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Explain Conservation Of Momentum With Examples

Referencing Styles : APA | Pages : 1

The law of conservation of momentum is explained in the following example. When it comes to any collision occurring among two objects – object 1 and object 2 in a completely isolated environment, the net momentum of these two objects prior to their collision will are to equal the overall momentum of these two objects after their collision. Conservation of momentum, thus becomes an important chapter in physics in line with law of conservation of energy as also the law of conservation of mass. Momentum gets defined as the product of an object’s mass with the associated velocity of that same object. What the law of conservation for momentum states is that among some problem domain, the magnitude of momentum stays constant that is to say momentum can neither be created nor be destroyed and can only be changed by means of forces acting on the body according to the laws of motion given by Isaac Newton. To Deal with momentum becomes much more complex than getting to deal with mass or energy since momentum happens to be a vector quantity containing both magnitude as well as direction. Momentum can be conserved across all the three physical directions simultaneously. It gets even harder to deal with gases as forces from one direction can cause the momentum be generated in another direction due to collisions of all the molecules involved. Here a very, very simplified flow problem will be presented where properties tend to change in a single direction. This problem can be more simplified if a steady flow is considered that do not change time to time as also by placing a limit for forces to act only on those associated with pressure. It should be noted that actual flow problems can be more complex such a simple example.

Let the flow of the gas be considered to be through a domain where properties of the can change in single direction only, which can be called ‘x’. This gas first enters the domain at station 1 with velocity u having pressure p and exits through station 2 having differing values of pressure and velocity. Simply put, it is to be assumed that density r stays constant in this domain as also the area A along which this gas is flowing. Locations of stations 1 and 2 remain separated along a distance ‘d’ of x or dx, where d or delta represents a varying length given by the Greek alphabet ‘d’. Change in distance is called gradient for avoiding possible confusions with changes in time called rate. Gradient of velocity is represented as du/dx, that is changes in velocity with every change of distance. Hence, in station 2, velocity can be written as velocity at 1 + the gradient * the distance.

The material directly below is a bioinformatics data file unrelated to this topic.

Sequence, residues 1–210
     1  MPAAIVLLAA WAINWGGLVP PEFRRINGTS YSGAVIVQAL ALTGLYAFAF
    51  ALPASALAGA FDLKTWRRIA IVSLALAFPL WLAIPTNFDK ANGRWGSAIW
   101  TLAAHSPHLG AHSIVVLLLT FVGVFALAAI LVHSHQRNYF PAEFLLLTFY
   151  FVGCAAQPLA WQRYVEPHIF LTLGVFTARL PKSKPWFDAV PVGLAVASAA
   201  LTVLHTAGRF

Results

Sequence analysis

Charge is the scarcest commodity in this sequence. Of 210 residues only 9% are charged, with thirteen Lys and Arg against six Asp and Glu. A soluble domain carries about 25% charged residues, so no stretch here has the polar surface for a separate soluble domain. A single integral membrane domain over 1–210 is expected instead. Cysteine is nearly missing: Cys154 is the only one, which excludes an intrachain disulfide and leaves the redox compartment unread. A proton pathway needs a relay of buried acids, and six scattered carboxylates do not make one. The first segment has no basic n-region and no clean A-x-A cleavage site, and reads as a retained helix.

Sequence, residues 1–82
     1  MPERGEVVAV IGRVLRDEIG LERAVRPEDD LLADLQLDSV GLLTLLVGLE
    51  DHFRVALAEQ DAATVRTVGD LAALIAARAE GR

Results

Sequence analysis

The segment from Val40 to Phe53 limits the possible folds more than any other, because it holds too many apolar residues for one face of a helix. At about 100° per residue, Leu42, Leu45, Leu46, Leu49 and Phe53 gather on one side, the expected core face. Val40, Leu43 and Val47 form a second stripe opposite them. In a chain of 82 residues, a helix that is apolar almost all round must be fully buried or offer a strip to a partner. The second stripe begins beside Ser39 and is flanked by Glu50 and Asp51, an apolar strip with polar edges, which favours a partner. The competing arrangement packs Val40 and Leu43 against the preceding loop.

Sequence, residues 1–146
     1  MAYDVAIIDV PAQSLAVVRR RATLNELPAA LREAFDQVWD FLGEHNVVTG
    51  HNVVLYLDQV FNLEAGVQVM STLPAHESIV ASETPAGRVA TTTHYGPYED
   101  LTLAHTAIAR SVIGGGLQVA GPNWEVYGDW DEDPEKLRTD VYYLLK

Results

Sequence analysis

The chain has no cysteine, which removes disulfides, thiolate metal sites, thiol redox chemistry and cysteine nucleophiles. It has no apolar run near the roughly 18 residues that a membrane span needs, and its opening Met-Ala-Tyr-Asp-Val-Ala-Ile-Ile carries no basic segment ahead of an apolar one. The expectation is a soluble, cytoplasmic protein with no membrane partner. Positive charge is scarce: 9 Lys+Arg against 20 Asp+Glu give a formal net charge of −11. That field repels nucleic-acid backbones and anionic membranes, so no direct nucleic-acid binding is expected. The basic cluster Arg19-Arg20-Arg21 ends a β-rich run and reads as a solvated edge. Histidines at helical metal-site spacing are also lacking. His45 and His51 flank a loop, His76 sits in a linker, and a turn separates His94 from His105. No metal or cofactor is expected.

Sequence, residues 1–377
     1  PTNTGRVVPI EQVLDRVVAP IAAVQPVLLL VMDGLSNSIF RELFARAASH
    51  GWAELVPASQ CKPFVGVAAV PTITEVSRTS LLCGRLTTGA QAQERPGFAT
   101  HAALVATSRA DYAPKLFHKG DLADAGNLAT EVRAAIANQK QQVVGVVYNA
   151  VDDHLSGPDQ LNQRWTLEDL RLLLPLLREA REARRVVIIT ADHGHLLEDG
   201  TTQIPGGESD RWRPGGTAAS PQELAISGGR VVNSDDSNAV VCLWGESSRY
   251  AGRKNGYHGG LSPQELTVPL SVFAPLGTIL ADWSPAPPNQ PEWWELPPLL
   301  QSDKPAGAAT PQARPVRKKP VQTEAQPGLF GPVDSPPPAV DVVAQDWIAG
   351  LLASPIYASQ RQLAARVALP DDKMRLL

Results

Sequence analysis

Or u2 = u1 + (du / dx) * dx

Similarly, the following expression provides the pressure at exit:

p2 = p1 + (dp / dx) * dx

The second law of motion by Newton states that a force ‘F’ will always equal the change in momentum per every intervals of time. For objects having constant mass ‘m’ this gets reduced to the mass ‘m’ multiplied by acceleration ‘a’. Acceleration refers to the changes in velocity with changes of intervals of time that is du / dt. This can be given by the following equation:  

F = (m) * (a) = (m * (du / dt))

The force in the above problem gets derived from pressure gradient. As pressure is the force per a unit of area, the total force on the fluid domain becomes product of pressure with area towards the exit subtracted by the product of pressure and the area towards the entrance. The resultant equation is:

F = - [(((p) * (A))2) – (((p) * (A))1)] = (m) * [((u2) – (u1)) / dt]

This minus sign at the start of this equation has been used to denote gases move from regions of higher pressure to regions of lower pressure, if pressure level increases by x, the associated velocity will definitely decrease. Substitution of these equations for and pressure and velocity are the following:

- [{((p) + (dp / dx) * dx} * (A)) - ((p) * (A))] = (m) * [((u) + (du / dx) * dx – (u)) / dt]


- (dp / dx) * dx * A = m * (du / dx) * dx / dt

To note, that (dx / dt) is velocity and the mass is density r multiplied by the volume (that is product of area with dx):

- (dp / dx) * dx * A = r * dx * A * (du / dx) * u


- (dp / dx) = r * u * (du / dx)

The dp / dx and du / dx represents the gradients for pressure and velocity respectively. If it is shrunk to this domain down to differentials of sizes, such gradients can become the differentials:

- (dp / dx) = r * u * (du / dx)

This is an example of one-dimensional steady form of Euler's Equation. This is interesting for noting the corresponding pressure drops of the fluid where the term to the left is proportional to both value of velocity as well as gradient of velocity. Thus, Conservation of momentum becomes a fundamental law in physics that ends up stating that resultant momentum of the system is always constant as long as no external forces are acting on the objects present in the system. This got mentioned in first law of Newton which talks about law of inertia.

Supposing there exists two different interacting particles p1 and p2 with different masses. All forces among them are equal in magnitude and opposite in direction. As per second law of Newton, the force can be given by product of rate of changes in momentum, therefore it can be concluded that rate of changes in momentum p1 is equivalent to minus of rate of change in momentum for p2.


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